How can you not like a record whose cover features a possessed Kool-Aid man murdering Uncle Sam while battling Fred Durst, Richard Nixon, Ronald McDonald and dozens more cultural icons. The skronky psych-rock produced by this Brooklyn based quartet is as chaotic as its cover and, well, as bizarre. Stand out tune “Beautiful Crystals” finds the band channeling every genre from prog to jazz to metal. Along with Lightning Bolt’s, Sonic Citadel which should get a shout-out this year, Illegal Moves scratched our acid rock itch.

– Robert Lanham

17) Girl Band – The Talkies
LISTEN: Shoulderblades

Irish quartet Girl Band have always sounded abrasive, but The Talkies is like being on a construction site. Whether you consider this noise-rock, industrial, or whatever, it’s a monumental achievement to make a cacophony of noise so coherent. Four years after Holding Hands With Jamie, the group took a hiatus due to mental health problems, and The Talkies could well be the soundtrack to a psychological breakdown, it throbs and crashes all over the place with sawing guitar effects ringing in your ears. This description will no doubt put many off, but rest assured, this is one of the most accomplished and cathartic records you could listen to.

– Chris Quartly

16.) Kanye West – Jesus is King
LISTEN: “Follow God”
Between the MAGA hats, the narcissism, and the born again Joel Osteen Jesus-freak sideshow, we all miss the old Kanye. As always, Ye’s personal life overshadowed his work. That said, I much prefer his goofy gospel detour to his persistent dabbling with misogyny. On Life of Pablo, I tuned out after hearing this doozy:

Now if I fuck this model
And she just bleached her asshole
And I get bleach on my T-shirt
I’mma feel like an asshole

Terrible. I found it ironic that people gave him a pass for this type of misogyny, but took such exception to his religious conversion and gospel lyrics. Especially since Jesus is King has the old, beloved Kanye production and a handful of immediate classics like “On God” and “Follow God.” Fingers crossed the Jesus thing is a phase, like Dylan’s excursion with Christianity, but only time will tell with Kanye.

– Robert Lanham

15) Baroness – Gold & Grey
LISTEN: “Seasons”
It’s hard to believe it’s been a decade since Baroness’s iconic Blue Record, and another seven since the near fatal bus crash that created a bone-like break between the Savannah outfit’s first and second acts. And while age tends to mellow and smooth rock bands like it does whiskey, Baroness have managed on Gold & Grey—their most essential post-Blue output—to retain urgency and energy, all while writing one of the busiest, longest, loudest, most hook-laden LPs of their career. Gear, namely a switch to Fender guitars and amps not normally suited to high-gain metal, imbue the record with a proggy Southern twang, while the addition of Gina Gleason’s bellowing vocal harmonies give John Baizley’s melodic sense license to soar higher than ever before. Baroness may not be the newest, sexiest name on the block, but grey looks good on them after all.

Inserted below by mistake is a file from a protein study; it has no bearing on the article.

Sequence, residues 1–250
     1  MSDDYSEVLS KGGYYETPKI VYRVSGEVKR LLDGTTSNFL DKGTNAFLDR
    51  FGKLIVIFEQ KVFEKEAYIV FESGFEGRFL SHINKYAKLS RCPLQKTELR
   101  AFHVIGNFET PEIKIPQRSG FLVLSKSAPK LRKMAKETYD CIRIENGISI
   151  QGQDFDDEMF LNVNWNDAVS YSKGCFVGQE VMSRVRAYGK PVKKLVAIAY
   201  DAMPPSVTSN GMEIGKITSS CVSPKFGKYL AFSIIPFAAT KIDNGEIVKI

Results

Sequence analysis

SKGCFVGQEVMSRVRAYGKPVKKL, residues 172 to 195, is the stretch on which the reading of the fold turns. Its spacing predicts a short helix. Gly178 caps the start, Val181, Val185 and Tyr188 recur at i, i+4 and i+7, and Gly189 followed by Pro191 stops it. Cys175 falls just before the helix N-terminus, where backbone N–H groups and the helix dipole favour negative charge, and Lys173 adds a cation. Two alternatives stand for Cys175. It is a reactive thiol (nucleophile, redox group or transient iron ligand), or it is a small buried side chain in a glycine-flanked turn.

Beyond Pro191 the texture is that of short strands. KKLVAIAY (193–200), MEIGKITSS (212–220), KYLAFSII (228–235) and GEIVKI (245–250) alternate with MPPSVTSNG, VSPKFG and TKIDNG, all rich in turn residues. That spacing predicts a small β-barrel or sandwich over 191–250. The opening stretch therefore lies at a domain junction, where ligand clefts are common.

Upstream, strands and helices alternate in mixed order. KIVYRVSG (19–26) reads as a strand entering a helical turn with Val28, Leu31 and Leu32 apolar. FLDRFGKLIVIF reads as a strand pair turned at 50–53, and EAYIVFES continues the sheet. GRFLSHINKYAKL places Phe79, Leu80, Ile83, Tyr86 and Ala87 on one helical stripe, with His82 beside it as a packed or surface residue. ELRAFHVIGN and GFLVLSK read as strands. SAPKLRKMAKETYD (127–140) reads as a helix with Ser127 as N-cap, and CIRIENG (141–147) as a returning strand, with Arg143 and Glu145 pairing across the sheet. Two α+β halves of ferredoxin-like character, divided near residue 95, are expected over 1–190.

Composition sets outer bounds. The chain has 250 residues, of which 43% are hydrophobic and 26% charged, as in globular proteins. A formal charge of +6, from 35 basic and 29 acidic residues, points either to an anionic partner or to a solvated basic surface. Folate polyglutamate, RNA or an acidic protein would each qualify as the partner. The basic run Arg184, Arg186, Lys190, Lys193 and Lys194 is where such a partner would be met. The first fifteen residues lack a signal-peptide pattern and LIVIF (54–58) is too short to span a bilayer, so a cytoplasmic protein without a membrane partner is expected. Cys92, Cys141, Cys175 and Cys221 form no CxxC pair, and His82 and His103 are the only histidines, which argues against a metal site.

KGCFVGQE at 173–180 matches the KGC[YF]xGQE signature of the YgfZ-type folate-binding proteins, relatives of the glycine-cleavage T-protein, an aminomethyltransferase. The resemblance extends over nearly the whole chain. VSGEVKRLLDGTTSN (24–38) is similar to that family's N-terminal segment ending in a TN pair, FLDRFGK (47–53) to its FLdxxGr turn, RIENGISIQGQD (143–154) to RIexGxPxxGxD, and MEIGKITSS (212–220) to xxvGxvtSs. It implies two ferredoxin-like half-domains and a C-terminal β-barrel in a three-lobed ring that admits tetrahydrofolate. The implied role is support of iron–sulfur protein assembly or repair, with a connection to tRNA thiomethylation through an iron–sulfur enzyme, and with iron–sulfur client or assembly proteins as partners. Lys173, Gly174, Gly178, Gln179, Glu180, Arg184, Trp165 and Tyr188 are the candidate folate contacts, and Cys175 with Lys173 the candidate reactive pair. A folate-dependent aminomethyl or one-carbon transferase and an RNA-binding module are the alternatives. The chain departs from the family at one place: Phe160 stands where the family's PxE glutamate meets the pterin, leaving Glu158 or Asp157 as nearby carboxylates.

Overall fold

– Coleman Bentley

14) Mikal Cronin – Seeker

Mikal Cronin released three near-perfect garage-rock albums every two years between 2011 and 2015, so 2017 seemed like a cruel joke when the run didn’t continue. That’s not to say the four years since III were unproductive, Cronin is one of the busiest artists around and must have played on a dozen albums in the last four years. Thankfully, 2019 has given the world a little more balance with another of his solo albums, and this time he’s leaned into his inner-Neil Young (if you had to pick a record this is closest to, it would be Neil’s best – On the Beach). Trying to get over a bout of writer’s block, he turned to the tried-and-true approach of retreating to a cabin in the woods to write, unfortunately that only lasted a month due to forest fires, and the record does come ablaze more than most, but there’s certainly an earthy quality to it. Indeed the only song that screams cabin-in-the-woods is the solo-acoustic closer On the Shelf.

– Chris Quartly

13. State Faults – Clairvoyant
LISTEN: “Planetary